The EULEV cohort study: rates of and factors associated with continuation of levetiracetam after 1 year

Br J Clin Pharmacol. 2011 Jan;71(1):121-7. doi: 10.1111/j.1365-2125.2010.03805.x.


What is already known about this subject: Levetiracetam has shown good safety/tolerability and efficacy in regulatory trials. This was confirmed in observational investigations performed soon after marketing by using continuation or retention rates as a composite measure. When an anti-epileptic drug first becomes available; however, there is evidence of channelling to more severe patients than thereafter.

What this study adds: This study was performed several years after marketing of levetiracetam and found high rates of continuation. It also further explores this measure by determining the continuation in the absence of initiation of additional anti-epileptic drugs.

Aims: To investigate real-life effectiveness of levetiracetam in patients initiating treatment in a stable market situation.

Methods: Epileptic adults who had initiated levetiracetam between 1 January and 31 August in 2005 or 2006 were included and followed for 1 year by hospital or nonhospital neurologists practising in France. One-year continuation rates were estimated using Kaplan-Meier analysis. Among those still treated at end of study, treatment goals were investigated. Factors associated with discontinuation were investigated using Cox proportional hazards regression.

Results: A total of 794 subjects were included in the cohort, and 753 subjects were followed up and included in the analysis. Among these, mean (SD) age was 42.6 (±17.0) years, 51.1% were female, 76.6% had partial epilepsy, 93.5% had seizures in the 6 months preceding levetiracetam initiation and 82.9% had at least one concomitant anti-epileptic drug when starting levetiracetam. One-year levetiracetam continuation rate was 83.5% (95% confidence interval, 80.5-86.0%). Of the 579 patients still using levetiracetam at end of study, 46.8% were seizure free during the last 6 months, and 24% were on levetiracetam monotherapy. Reasons for discontinuation (n= 122) were adverse events (45%), lack of efficacy (38%) or both (9%). Levetiracetam discontinuation was most strongly associated with previous exposure to more than four anti-epileptic drugs, whereas continuation was most strongly associated with presence of seizure-related falls in the 6 months preceding levetiracetam initiation.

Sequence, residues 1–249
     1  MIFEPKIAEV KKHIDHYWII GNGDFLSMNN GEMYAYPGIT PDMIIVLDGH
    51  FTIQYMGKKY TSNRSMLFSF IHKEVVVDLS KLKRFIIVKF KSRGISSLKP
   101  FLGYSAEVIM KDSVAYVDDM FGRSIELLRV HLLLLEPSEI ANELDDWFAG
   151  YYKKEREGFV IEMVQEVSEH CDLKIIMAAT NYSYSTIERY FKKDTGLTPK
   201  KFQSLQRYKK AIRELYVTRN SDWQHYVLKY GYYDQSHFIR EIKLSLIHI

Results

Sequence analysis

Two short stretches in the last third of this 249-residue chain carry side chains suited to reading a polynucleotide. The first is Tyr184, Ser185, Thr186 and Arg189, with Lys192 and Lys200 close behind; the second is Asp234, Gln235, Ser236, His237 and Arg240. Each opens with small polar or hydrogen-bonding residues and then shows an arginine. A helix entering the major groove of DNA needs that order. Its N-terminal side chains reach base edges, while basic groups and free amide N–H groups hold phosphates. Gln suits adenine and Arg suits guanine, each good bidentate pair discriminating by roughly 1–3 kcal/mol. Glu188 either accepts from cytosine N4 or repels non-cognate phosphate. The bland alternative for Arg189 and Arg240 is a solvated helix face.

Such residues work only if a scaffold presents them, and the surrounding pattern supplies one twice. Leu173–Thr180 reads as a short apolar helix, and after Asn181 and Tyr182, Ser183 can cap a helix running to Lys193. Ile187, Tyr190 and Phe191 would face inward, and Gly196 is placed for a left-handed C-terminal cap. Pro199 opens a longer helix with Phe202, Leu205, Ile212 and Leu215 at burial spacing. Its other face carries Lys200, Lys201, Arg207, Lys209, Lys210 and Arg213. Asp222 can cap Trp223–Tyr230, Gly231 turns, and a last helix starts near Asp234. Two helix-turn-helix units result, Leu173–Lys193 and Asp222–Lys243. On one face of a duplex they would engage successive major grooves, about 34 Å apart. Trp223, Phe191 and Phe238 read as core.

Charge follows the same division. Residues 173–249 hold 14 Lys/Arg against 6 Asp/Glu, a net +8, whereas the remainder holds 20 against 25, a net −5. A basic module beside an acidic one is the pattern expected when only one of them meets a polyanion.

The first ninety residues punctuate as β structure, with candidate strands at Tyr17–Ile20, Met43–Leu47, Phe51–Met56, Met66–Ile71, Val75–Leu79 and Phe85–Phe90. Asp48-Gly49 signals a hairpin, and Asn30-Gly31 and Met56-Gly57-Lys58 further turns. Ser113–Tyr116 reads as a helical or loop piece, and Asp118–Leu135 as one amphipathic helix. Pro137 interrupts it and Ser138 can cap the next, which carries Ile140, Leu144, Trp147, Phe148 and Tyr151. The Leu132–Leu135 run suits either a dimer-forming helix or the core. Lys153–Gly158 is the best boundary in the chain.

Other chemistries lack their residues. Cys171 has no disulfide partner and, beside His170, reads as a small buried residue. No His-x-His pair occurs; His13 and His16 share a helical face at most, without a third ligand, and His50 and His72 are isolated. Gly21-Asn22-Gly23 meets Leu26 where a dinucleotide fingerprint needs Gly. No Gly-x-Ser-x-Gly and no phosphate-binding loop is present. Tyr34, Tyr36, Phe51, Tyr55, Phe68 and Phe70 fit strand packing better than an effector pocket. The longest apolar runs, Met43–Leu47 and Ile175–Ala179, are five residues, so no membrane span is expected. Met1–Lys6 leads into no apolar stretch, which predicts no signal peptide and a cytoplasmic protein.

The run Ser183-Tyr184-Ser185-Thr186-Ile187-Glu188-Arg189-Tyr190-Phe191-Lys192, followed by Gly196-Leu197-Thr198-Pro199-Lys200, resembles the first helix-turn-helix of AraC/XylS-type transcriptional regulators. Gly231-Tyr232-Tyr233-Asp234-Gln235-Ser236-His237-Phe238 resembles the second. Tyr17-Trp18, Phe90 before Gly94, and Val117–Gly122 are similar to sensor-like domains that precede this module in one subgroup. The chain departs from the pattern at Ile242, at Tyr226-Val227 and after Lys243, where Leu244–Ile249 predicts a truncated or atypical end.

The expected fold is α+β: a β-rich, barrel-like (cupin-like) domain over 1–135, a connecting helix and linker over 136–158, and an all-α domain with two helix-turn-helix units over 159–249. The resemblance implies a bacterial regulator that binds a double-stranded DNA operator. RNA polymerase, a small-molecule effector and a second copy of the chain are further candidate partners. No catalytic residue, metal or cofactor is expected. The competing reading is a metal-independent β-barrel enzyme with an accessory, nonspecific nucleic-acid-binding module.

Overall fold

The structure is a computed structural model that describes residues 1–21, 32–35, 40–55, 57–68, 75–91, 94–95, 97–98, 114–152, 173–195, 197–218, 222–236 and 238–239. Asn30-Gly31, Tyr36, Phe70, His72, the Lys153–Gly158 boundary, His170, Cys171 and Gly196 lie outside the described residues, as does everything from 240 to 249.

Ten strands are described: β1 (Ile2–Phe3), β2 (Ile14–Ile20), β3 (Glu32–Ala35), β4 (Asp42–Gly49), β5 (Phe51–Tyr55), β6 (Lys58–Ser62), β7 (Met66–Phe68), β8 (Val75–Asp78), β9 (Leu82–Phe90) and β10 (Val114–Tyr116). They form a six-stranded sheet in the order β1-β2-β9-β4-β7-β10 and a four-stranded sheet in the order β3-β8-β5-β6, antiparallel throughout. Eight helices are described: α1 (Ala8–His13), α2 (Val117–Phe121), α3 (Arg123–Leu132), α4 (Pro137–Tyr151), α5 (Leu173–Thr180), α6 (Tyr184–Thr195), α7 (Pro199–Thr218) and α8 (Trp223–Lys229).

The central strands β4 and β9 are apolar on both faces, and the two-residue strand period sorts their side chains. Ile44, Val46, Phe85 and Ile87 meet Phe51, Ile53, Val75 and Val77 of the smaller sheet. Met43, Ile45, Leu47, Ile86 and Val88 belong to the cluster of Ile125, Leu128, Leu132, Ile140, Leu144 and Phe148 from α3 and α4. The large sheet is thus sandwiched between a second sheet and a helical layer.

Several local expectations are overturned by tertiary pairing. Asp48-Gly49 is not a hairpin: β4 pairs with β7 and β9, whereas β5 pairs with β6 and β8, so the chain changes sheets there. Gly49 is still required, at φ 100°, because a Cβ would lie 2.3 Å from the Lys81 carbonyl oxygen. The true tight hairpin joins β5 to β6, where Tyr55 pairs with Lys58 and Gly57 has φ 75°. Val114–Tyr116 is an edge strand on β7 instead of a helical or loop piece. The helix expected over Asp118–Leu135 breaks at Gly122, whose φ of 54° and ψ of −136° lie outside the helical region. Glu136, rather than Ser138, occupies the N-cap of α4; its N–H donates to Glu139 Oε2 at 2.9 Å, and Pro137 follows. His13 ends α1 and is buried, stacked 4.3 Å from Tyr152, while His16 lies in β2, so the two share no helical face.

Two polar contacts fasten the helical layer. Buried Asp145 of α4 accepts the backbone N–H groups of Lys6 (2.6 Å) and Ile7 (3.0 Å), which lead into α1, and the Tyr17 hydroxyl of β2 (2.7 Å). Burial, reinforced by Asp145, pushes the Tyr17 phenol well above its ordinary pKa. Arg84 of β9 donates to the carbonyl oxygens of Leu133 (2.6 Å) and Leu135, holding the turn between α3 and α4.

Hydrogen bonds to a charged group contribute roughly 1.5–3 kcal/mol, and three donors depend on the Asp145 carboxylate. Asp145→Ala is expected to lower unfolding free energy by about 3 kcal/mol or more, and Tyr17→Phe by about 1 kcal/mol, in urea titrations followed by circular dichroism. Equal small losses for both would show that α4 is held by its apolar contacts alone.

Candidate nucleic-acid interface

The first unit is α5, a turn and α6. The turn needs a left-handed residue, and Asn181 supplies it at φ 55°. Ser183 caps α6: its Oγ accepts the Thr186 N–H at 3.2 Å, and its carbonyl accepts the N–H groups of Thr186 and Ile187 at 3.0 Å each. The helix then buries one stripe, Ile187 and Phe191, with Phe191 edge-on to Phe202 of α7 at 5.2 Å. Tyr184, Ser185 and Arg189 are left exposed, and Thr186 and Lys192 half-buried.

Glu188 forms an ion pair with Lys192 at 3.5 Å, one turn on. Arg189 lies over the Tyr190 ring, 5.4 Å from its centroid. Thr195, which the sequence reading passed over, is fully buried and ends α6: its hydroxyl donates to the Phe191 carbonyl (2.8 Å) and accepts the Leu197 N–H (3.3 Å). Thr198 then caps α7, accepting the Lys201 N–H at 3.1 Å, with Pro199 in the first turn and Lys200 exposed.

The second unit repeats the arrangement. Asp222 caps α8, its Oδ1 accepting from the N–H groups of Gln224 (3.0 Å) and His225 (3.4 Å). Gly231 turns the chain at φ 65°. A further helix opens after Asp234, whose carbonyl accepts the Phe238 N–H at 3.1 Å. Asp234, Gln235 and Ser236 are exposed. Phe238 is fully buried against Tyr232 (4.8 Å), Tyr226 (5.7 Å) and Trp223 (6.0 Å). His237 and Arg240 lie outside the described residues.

Conclusions: This population-based cohort study in a stable market situation found a high 1 year levetiracetam continuation rate compared with previous studies done sooner after market introduction.

MeSH terms

  • Adult
  • Aged
  • Aged, 80 and over
  • Anticonvulsants / therapeutic use*
  • Cohort Studies
  • Epilepsy / drug therapy*
  • Epilepsy / epidemiology
  • Female
  • France / epidemiology
  • Humans
  • Levetiracetam
  • Male
  • Middle Aged
  • Piracetam / analogs & derivatives*
  • Piracetam / therapeutic use
  • Time Factors
  • Treatment Outcome
  • Young Adult


  • Anticonvulsants
  • Levetiracetam
  • Piracetam